16. I think my classmates and I were very lucky. As his name suggests, Dr. Damico was of Italian descent, and he efficiently ran the class with a steel fist in a velvet glove. He was in charge, and he never left anyone a crumb of a reason to question that arrangement. He never cut anyone any slack – you had to fully earn your A – but he would always gladly help the students with whatever they were having trouble understanding. He was also one of the most intelligent and most cerebrally funny people I have ever met. We never made it through a class without at least five or six good guffaws. He wasn
  17. I used to be a regular tobacco user as well. I finally completely quit 18 years ago. It’s interesting to hear about your dreams. I had two different kinds of dreams: one about starting to use tobacco again, and one about what my subconscious thought tobacco was doing to my body. The first time I “quit,” I went cold turkey, and I did fine: no cravings, no dreams, etc. I suspect that because I was working out so much at the time, the endorphins I got from working out helped me to go cold turkey. But that’s just a guess. Then one New Year’s Eve party, I fell off of the wagon, so to speak, and
  18. My beloved Latin professor, Dr. Damico, used to say, "Latin is not dead; it's only horribly wounded."
  19. I went to see the Met’s “Live in HD” presentations of “Cav and Pag” today -- yesterday, now. Did anyone else see them, or this season’s productions of them? The only productions I have previously seen of these two operas were on DVD or video, all of which involved Franco Zeffirelli. One was the Met’s 1994 production of I Pagliacci with Pavarotti, Stratas, and Pons, James Levine conducting, and then the two 1982 Zeffirelli films of Cavalleria Rusticana, and I Pagliacci, with Domingo, Obraztsova, Bruson, Prêtre. I suspect the 1994 Met and 1982 Zeffirelli productions may have set the bar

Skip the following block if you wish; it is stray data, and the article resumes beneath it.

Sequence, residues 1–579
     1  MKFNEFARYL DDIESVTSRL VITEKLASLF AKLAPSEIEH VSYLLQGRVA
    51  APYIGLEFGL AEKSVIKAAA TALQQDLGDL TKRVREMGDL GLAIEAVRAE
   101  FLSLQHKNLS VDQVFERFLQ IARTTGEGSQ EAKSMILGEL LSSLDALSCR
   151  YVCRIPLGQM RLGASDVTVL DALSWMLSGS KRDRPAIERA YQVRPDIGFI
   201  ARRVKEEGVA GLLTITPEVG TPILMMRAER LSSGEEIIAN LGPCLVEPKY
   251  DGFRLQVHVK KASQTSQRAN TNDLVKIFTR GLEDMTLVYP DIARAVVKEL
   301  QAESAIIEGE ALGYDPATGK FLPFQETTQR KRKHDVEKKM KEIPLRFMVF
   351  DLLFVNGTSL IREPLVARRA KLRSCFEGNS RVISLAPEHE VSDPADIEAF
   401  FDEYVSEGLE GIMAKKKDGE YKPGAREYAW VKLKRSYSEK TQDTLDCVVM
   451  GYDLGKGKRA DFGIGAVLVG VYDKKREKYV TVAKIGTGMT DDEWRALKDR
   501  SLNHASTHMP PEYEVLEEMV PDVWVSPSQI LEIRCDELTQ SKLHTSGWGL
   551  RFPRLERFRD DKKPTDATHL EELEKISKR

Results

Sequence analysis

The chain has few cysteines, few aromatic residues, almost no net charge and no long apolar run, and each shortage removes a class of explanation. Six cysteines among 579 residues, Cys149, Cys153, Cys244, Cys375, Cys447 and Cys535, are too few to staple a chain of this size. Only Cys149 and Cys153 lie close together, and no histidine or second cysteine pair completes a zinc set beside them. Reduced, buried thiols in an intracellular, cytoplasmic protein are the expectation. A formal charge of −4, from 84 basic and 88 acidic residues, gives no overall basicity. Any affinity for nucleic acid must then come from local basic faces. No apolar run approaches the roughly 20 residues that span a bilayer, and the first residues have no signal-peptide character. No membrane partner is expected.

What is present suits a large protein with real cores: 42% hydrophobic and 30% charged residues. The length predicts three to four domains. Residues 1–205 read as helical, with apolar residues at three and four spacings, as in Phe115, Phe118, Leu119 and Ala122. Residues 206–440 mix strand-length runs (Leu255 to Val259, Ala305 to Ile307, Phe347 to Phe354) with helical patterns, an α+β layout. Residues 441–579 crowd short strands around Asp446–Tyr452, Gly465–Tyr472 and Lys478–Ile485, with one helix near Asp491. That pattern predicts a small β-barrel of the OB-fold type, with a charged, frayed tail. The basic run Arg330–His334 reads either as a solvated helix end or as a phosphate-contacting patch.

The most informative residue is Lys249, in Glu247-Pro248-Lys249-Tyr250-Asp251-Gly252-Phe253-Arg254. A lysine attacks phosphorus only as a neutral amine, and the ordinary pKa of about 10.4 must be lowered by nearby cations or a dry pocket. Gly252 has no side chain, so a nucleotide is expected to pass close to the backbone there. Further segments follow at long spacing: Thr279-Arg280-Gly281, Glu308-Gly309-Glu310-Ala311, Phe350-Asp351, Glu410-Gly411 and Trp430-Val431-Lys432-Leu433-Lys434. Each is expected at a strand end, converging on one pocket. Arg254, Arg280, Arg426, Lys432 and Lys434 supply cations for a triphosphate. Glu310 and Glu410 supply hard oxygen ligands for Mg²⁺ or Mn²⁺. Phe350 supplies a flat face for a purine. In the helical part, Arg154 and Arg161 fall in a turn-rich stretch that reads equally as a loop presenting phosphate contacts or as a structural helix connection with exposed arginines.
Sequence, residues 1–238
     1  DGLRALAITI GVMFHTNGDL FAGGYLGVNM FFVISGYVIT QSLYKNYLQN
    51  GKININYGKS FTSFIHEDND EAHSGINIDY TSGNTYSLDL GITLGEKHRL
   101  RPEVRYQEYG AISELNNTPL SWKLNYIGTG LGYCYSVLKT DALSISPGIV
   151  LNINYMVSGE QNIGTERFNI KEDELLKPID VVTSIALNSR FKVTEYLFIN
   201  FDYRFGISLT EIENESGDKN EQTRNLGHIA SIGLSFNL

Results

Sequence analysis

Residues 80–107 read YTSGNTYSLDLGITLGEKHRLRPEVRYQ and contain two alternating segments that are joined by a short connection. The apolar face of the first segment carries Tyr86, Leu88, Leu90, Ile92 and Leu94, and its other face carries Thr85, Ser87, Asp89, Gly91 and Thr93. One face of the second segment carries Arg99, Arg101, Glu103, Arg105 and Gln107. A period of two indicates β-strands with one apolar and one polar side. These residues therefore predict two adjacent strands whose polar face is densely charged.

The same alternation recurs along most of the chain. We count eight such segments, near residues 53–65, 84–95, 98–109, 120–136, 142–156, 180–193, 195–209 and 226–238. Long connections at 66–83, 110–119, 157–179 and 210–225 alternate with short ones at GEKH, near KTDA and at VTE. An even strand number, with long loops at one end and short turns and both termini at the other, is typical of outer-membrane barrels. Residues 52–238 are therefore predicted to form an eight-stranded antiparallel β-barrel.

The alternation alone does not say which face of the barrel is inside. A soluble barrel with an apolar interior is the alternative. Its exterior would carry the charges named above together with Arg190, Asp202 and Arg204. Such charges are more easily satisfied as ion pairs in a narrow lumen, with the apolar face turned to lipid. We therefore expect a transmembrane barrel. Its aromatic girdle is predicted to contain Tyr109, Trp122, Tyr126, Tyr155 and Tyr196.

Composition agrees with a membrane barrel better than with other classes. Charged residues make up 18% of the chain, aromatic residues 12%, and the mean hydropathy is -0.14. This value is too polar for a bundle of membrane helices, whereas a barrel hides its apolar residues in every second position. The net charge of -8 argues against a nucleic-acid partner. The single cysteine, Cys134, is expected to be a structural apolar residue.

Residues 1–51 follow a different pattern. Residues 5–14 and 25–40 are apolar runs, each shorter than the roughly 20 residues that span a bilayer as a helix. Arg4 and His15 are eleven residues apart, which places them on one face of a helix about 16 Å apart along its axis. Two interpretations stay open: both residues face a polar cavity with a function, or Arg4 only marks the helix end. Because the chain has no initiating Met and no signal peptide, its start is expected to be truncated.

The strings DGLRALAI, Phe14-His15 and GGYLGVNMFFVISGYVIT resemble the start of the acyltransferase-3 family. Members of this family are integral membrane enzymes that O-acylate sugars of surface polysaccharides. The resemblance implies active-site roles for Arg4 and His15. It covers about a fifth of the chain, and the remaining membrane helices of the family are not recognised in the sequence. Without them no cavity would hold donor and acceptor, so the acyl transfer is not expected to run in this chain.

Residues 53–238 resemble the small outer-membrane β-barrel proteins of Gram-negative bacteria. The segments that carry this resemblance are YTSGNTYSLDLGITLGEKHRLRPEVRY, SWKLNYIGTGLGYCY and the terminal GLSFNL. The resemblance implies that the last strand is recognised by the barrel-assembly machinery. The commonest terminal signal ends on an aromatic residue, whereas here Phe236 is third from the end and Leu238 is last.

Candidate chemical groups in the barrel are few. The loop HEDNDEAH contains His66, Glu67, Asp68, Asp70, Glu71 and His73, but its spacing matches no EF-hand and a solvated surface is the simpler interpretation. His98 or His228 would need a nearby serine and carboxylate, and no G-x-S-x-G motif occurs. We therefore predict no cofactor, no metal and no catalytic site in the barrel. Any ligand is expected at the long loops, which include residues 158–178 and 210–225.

20. I just got through watching the tribute to Robert’s 20th Anniversary. It was interesting to see how the various personalities handled their time in the spotlight. Some seemed more inclined to aggrandize themselves; some seemed a bit awkward in making a public encomium; and some were very sincere and gracious. Of all the well-wishers, the most notable to me was Ben Mankiewicz. I think he did an outstanding job. Of all those who did not have a long-standing personal relationship with Robert, I think Ben’s comments were the most respectful and sincere, and also the least perfunctory. He
  21. The Day the Earth Stood Still is definitely on the list of my top 10 Sci-Fi films. I probably watch it twice a year and enjoy it every time I see it. After watching it so many times, the oddities of the writing become more and more pronounced. But it has a lot of very enduring qualities about it, nonetheless. I have it locked on my DVR – think I’ll turn it on.
  22. Apropos to the general conversation, if the reports of Vasili Arkhipov's actions -- or inactions -- are true, then I would very much like to see a well done movie about him and the other officers involved in the blockade of Cuba during the Cuban Missle Crisis. Fictional drama about the Cold War is nice, but I suggest that there are plenty of actual stories that could be told as well.
  23. I can't remember when, but I was curious about her, too, several years ago, and was surprised to find that she and Michael Caine were married. And what a long marriage it has been, and still is! The pairing reminds me of Robert and Luciana Duvall, although the Caines have been together much longer.